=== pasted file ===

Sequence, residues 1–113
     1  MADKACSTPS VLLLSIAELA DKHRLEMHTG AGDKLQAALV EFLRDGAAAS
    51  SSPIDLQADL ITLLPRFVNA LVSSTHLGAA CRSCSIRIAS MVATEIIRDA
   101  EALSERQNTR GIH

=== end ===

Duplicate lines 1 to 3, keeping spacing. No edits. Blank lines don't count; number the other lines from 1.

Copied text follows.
Sequence, residues 1–113
     1  MADKACSTPS VLLLSIAELA DKHRLEMHTG AGDKLQAALV EFLRDGAAAS
    51  SSPIDLQADL ITLLPRFVNA LVSSTHLGAA CRSCSIRIAS MVATEIIRDA